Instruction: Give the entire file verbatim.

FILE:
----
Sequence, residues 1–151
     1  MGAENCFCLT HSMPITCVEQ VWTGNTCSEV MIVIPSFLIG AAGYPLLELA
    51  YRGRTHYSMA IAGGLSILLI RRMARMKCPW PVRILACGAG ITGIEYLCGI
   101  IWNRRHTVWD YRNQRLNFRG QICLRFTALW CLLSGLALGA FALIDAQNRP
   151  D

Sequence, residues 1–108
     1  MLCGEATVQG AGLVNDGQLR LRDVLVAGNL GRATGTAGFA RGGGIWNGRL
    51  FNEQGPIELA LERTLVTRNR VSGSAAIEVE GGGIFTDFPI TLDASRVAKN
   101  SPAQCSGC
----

Sequence, residues 1–151
     1  MGAENCFCLT HSMPITCVEQ VWTGNTCSEV MIVIPSFLIG AAGYPLLELA
    51  YRGRTHYSMA IAGGLSILLI RRMARMKCPW PVRILACGAG ITGIEYLCGI
   101  IWNRRHTVWD YRNQRLNFRG QICLRFTALW CLLSGLALGA FALIDAQNRP
   151  D

Sequence, residues 1–108
     1  MLCGEATVQG AGLVNDGQLR LRDVLVAGNL GRATGTAGFA RGGGIWNGRL
    51  FNEQGPIELA LERTLVTRNR VSGSAAIEVE GGGIFTDFPI TLDASRVAKN
   101  SPAQCSGC